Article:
Japan's space agency and the U.N. Food and Agriculture Organization have agreed to cooperate on monitoring global forests and mangroves -- considered a sponge for greenhouse gases -- by utilizing data of observation satellites amid deepening concerns over climate change.
The partnership adds observation data -- accumulated by the Japan Aerospace Exploration Agency, or JAXA, for over 25 years -- from the powerful L-band Synthetic Aperture Radar to FAO's widely-used toolkit to monitor forests, according to the organizations.
(Photo taken from a Kyodo News helicopter shows an H2A rocket carrying a government intelligence-gathering satellite following its lift-off from the Tanegashima Space Center in Kagoshima Prefecture, southwestern Japan, on Feb. 9, 2020.)
"As deforestation and land-use changes are one of the leading sources of global carbon emissions, satellite-based information has a critical role to play in supporting countries to achieve their commitments on climate change," said Daniel Gustafson, FAO's deputy director-general for programs.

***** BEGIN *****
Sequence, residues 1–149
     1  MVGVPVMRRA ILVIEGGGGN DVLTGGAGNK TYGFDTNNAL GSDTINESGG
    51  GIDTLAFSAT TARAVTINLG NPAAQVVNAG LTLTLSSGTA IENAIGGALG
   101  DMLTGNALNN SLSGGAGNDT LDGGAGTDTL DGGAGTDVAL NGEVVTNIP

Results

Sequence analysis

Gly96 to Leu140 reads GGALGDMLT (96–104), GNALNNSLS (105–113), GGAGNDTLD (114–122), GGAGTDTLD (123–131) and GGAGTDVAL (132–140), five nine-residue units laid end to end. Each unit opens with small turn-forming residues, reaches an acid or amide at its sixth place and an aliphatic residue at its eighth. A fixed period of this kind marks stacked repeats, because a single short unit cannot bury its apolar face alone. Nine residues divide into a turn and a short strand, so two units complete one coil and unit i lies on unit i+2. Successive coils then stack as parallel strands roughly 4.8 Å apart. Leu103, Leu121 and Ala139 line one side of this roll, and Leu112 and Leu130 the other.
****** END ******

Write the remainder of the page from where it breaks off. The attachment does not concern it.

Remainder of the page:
The organizations signed a three-year agreement last month in Tsukuba, Ibaraki Prefecture, northeast of Tokyo.
"JAXA's experience in accumulating L-band SAR data is essential to learn about changes in forests and predict their future," JAXA Vice President Ryoichi Imai said.
Its satellite radar offers a unique capability in observing the Earth's land surface regardless of time and weather, while optical satellites are impeded by rain and clouds or lack of sunlight.
"JAXA expects our satellite data to be used for supporting sound decision-making," Imai said.
FAO's platform for forestry and land-use assessments is used in 160 countries, offering them easy access to satellite data and supercomputing power, and allowing them to create critical forest and land cover information to mitigate -- and adapt to -- climate change.
JAXA joined other contributors to the FAO platform, including Google LLC, the U.S. National Aeronautics and Space Administration, European Space Agency and the World Bank, and expects the partnership to improve the accuracy of its satellite data.